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Business Services Bromley Good Also known as AA Nursing Care Limited

Reports


Inspection carried out on 7 November 2019

During a routine inspection

Business Services Bromley is a domiciliary care service providing personal care to people living in their own homes. The service was supporting five people at the time of this inspection.

People’s experience of using this service and what we found

Risks to people had been assessed and staff had guidance to follow on how to manage identified risks safely. There were sufficient staff deployed by the service to meet people’s needs. The provider followed safe recruitment practices. Staff were aware of the action to take to reduce the risk of infection. People’s medicines were safely managed. Staff were aware to report any incidents or accidents which occurred. The registered manager reviewed incident and accident information for learning, to reduce the risk of repeat occurrence.

People’s needs were assessed when they started using the service. They were involved in the planning of their care and their care plans identified their individual needs and preferences. Staff were supported in their roles through training, supervision and an annual appraisal of their performance. People were supported to have maximum choice and control of their lives and staff supported them in the least restrictive way possible and in their best interests; the policies and systems in the service supported this practice.

People were supported to maintain a balanced diet and had access to a range of healthcare services when needed. Staff worked with other agencies to ensure people receive effective support. People were protected from the risk of abuse because staff were aware of the action to take if they suspected abuse had occurred. Staff treated people with care and kindness. They respected people’s privacy and treated them with dignity. People were involved in decisions about the support they received.

The provider had a complaints procedure in place and people expressed confidence that any issues they raised would be dealt with appropriately. Staff spoke positively about the support they received from the registered manager and told us they worked well as a team. The registered manager demonstrated a good understanding of the responsibilities of their role. The provider had systems in place for monitoring the quality and safety of the service. They also sought people’s views on the running of the service in order to help identify potential areas for improvement.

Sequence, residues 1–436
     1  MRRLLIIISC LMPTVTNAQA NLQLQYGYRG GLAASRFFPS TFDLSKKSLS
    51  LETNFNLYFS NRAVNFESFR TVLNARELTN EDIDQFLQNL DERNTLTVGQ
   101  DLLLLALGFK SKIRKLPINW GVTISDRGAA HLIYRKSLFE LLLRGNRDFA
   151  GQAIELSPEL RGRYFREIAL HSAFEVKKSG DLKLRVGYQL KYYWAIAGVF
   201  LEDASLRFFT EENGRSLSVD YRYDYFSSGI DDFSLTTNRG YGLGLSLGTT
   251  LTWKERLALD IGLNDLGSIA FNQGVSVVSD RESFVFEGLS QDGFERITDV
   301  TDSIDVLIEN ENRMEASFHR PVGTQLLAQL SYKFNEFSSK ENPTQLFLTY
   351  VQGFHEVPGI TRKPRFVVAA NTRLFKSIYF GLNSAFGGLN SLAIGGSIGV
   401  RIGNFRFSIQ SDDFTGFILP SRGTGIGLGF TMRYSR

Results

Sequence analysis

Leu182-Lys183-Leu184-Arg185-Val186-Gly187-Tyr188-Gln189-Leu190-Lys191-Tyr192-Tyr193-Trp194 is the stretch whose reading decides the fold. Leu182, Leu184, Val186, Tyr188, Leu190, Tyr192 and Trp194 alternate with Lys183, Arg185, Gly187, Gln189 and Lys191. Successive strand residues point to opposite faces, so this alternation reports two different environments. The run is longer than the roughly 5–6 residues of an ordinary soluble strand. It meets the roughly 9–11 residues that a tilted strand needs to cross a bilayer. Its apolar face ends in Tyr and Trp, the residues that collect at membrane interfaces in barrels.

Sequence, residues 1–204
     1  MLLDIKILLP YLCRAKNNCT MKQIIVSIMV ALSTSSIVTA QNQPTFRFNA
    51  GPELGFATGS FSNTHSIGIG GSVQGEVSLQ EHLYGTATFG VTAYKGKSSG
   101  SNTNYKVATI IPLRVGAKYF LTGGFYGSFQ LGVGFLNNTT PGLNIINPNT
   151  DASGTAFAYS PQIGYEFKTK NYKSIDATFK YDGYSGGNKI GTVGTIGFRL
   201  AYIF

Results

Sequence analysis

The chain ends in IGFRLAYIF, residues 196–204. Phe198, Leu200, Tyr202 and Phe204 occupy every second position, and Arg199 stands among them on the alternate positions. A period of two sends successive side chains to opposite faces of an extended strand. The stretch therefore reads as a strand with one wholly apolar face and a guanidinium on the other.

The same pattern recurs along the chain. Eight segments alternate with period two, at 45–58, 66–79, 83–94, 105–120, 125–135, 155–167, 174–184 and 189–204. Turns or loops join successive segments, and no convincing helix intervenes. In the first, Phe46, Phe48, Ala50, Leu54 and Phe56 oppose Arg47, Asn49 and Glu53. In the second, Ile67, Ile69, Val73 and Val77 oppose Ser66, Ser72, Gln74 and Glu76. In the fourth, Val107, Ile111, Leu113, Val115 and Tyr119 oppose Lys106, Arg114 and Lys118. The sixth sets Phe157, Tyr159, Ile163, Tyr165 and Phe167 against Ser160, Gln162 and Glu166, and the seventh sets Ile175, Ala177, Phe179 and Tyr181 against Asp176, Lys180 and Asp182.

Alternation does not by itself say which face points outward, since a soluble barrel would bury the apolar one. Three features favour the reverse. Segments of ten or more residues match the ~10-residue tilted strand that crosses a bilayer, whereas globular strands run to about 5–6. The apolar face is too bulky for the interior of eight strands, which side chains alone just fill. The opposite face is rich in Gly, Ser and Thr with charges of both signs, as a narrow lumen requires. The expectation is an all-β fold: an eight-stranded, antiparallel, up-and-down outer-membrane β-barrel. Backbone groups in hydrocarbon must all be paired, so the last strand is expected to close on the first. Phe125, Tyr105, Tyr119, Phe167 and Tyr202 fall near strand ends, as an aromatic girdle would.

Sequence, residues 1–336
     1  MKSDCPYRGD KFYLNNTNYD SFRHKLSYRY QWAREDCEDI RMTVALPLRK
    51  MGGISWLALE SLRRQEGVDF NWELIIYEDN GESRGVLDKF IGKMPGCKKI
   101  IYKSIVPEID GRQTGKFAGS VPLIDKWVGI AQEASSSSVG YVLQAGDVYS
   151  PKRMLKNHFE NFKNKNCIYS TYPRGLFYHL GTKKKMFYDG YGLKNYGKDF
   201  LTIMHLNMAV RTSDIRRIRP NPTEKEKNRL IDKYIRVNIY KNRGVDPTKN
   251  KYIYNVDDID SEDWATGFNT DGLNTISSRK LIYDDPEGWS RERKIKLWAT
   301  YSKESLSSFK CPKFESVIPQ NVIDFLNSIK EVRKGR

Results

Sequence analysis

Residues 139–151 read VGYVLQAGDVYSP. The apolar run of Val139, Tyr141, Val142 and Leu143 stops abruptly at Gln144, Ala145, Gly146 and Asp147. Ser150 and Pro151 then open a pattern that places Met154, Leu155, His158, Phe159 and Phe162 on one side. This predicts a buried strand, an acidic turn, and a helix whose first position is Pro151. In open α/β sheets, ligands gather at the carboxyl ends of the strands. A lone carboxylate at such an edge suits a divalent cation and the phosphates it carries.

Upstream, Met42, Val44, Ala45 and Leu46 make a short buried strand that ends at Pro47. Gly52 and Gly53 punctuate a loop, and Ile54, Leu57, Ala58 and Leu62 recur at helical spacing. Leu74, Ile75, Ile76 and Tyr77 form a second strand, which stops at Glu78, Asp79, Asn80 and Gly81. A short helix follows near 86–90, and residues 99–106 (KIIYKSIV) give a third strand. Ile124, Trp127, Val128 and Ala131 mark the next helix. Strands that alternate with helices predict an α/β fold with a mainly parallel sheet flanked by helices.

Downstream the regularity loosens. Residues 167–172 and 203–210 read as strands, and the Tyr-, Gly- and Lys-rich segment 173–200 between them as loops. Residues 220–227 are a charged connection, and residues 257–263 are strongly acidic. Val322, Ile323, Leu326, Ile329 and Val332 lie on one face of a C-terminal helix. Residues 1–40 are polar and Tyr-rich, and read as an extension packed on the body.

For more details, please see the full report which is on the CQC website at www.cqc.org.uk

Rating at last inspection (and update)

The last rating for this service was requires improvement (published 9 November 2018) at which we identified three breaches of regulations. The provider completed an action plan after the last inspection to show what they would do and by when to improve. At this inspection we found improvements had been made and the provider was no longer in breach of regulations.

Why we inspected

This was a planned inspection based on the previous rating.

Follow up

We will continue to monitor information we receive about the service until we return to visit as per our re-inspection programme. If we receive any concerning information we may inspect sooner.

Inspection carried out on 4 October 2018

During a routine inspection

This inspection took place on 4 October 2018 and was announced. We gave the registered manager two working days’ notice of the inspection because the service is small and we wanted to be sure they would be available to meet with us. Business Services Bromley is a domiciliary care agency. It provides personal care to people living in their own houses and flats. It provides a service to older adults. Eight people were using the service at the time of our inspection.

At our last inspection in August 2017 we asked the provider to take action to make improvements in order to keep people safe because risks to people had not always been adequately assessed. This action had not been completed. Identified risks to people had not always been assessed and people’s care plans did not always contain sufficient information for staff on how to manage identified risks safely. This amounted to a continued breach of regulation 12 of the Health and Social Care Act 2008 (Regulated Activities) Regulations 2014.

At our last inspection in August 2017 we asked the provider to take action to make improvements in order to keep people safe because the provider’s systems for monitoring the quality and safety of the service were not effective in identifying issues or driving improvements, and records at the service contained inaccurate information. This action had not been completed. Whilst improvements had been made to address the recording issues we had previously identified, the provider’s systems for monitoring the quality and safety of the service remained ineffective. This amounted to a continued breach of regulation 17 of the Health and Social Care Act 2008 (Regulated Activities) Regulations 2014.

At our last inspection in August 2017 we asked the provider to take action to make improvements to ensure they followed safe practice when recruiting new staff. This action has been completed. The provider followed safe recruitment practices.